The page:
After all, people might say they want the muted colors of natural marble for their mosaic, but they sure do send us a lot of emails looking for natural stone tile in a “true blue” or “more intense green” or some other color that only occurs in semiprecious stone.

For Life mosaic by artists Sandra and Carl Bryant.
For Life mosaic by artists Sandra and Carl Bryant. 22 in x 31 in stained glass.

Showcase Mosaics

Artists Sandra and Carl Bryant have and impressive body of work at their website Showcase Mosaics, and I recommend that anyone needing inspiration take a look there.

There is much to admire in Sandra and Carl’s work, but what really caught my eye were their mosaics that use a limited color palette to showcase a more intense color.

In their mosaic For Life (shown above), notice how the small flourishes of purple and blue in the wings enhance the white-gray bodies of the geese. Notice how the dark clouds around the periphery and the grayish bodies of the geese make the yellow-orange clouds explode with intensity.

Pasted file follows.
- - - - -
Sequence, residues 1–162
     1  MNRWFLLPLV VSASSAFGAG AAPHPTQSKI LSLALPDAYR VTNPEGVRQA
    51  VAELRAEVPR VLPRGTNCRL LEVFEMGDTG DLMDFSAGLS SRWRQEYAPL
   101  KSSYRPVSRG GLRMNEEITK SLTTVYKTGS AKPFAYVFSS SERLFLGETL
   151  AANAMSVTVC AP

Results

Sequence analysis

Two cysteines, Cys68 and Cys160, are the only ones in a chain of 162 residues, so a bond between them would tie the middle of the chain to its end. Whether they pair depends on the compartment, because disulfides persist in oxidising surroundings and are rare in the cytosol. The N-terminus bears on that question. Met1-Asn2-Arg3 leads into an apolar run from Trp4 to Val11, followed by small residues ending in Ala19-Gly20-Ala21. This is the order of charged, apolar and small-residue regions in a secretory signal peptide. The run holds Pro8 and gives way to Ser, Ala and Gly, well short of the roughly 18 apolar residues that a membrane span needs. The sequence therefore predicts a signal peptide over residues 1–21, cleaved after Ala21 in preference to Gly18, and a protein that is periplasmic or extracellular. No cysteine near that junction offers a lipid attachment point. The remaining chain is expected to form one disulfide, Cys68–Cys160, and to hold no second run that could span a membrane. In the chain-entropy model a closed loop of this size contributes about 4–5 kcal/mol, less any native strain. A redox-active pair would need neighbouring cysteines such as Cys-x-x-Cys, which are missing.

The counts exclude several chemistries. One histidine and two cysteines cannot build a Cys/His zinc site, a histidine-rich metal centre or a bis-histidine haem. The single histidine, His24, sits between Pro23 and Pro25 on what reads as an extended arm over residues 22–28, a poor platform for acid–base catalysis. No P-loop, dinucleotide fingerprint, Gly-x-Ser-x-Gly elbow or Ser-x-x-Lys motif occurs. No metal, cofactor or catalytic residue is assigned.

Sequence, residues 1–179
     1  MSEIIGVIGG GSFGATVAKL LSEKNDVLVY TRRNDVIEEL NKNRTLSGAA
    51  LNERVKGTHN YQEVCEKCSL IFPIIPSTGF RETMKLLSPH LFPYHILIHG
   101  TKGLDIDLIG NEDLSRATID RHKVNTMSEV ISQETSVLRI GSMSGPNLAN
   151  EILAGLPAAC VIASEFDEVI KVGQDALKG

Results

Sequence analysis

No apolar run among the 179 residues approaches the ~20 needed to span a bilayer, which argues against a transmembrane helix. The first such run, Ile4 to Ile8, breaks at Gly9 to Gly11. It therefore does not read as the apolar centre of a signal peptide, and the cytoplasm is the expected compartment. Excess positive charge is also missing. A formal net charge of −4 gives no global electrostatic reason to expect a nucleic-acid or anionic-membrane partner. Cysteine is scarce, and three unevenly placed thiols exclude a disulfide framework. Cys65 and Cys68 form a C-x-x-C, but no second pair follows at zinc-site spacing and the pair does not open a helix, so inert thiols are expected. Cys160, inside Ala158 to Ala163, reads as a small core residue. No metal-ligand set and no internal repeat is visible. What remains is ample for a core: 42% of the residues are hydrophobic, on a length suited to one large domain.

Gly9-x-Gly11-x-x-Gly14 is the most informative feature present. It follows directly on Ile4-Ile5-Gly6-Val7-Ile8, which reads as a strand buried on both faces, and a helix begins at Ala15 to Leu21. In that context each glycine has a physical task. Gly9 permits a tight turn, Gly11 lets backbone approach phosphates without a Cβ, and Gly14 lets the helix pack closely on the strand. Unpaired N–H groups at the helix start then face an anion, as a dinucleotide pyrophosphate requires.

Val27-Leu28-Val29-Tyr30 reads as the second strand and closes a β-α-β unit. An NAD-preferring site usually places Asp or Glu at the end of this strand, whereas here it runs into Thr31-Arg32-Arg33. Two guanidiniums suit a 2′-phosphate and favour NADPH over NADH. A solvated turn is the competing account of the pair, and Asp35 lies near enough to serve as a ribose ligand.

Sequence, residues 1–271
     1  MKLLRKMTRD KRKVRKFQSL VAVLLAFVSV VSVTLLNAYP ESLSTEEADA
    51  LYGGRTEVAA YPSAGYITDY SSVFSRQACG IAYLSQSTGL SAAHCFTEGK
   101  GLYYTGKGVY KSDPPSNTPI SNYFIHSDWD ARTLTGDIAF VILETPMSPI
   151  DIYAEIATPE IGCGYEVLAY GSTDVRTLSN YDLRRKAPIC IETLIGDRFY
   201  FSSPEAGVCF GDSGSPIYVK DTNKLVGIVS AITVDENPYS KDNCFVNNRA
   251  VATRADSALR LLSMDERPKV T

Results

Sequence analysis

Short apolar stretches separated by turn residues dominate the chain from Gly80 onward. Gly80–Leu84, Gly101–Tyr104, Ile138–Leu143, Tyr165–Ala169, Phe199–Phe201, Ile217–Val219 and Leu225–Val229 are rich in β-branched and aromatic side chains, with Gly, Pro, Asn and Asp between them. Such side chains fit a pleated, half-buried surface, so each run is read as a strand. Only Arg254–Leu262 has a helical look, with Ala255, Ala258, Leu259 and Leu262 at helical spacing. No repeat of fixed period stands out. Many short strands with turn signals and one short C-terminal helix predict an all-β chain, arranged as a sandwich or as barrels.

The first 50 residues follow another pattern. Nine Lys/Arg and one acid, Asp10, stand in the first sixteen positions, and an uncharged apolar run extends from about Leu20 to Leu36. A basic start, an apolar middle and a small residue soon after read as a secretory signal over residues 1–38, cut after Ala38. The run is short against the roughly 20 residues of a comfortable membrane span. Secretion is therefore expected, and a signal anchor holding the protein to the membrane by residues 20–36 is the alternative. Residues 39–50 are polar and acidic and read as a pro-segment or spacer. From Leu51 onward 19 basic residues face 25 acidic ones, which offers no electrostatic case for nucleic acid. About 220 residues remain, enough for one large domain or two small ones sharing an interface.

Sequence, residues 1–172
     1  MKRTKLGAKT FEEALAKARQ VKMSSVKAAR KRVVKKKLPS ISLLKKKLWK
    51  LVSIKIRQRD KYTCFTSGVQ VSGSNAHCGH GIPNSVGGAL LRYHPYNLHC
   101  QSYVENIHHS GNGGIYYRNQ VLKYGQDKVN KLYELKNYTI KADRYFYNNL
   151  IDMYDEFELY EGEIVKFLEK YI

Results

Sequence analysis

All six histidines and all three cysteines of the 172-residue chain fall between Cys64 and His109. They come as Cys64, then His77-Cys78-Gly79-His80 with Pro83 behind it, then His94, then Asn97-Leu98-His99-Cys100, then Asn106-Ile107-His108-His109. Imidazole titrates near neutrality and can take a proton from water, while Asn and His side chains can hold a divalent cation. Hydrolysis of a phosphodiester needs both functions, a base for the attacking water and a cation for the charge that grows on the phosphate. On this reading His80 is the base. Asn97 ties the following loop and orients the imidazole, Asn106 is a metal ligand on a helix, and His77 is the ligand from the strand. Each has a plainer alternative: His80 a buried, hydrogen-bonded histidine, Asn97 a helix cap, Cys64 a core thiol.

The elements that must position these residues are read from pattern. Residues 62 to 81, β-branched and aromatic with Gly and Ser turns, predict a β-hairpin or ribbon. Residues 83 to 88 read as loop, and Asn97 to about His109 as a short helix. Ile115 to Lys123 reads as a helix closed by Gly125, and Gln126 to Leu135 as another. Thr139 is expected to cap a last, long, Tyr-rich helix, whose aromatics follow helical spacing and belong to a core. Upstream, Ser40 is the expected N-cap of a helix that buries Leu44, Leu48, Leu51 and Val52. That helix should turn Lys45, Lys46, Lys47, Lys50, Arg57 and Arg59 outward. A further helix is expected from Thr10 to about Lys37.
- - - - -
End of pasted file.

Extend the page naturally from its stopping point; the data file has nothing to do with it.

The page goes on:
The power comes from the contrast. There is the contrast of the cool blues versus the yellow oranges and the contrast of light and dark.

Central Park in Snow mosaic by artists Sandra and Carl Bryant.
Central Park in Snow mosaic by artists Sandra and Carl Bryant. 30 in x 36 in stained glass.

The above mosaic is a good example of how less is more in terms of color and creating visual interest. I love looking at snowy landscape impressionism (oil or stained glass or torn paper) and looking for the small flourishes of color and how the overall painting captures the light of the day. This is a favorite.

And yes, it is another good example of a mosaic with a mosaic with a muted color palette.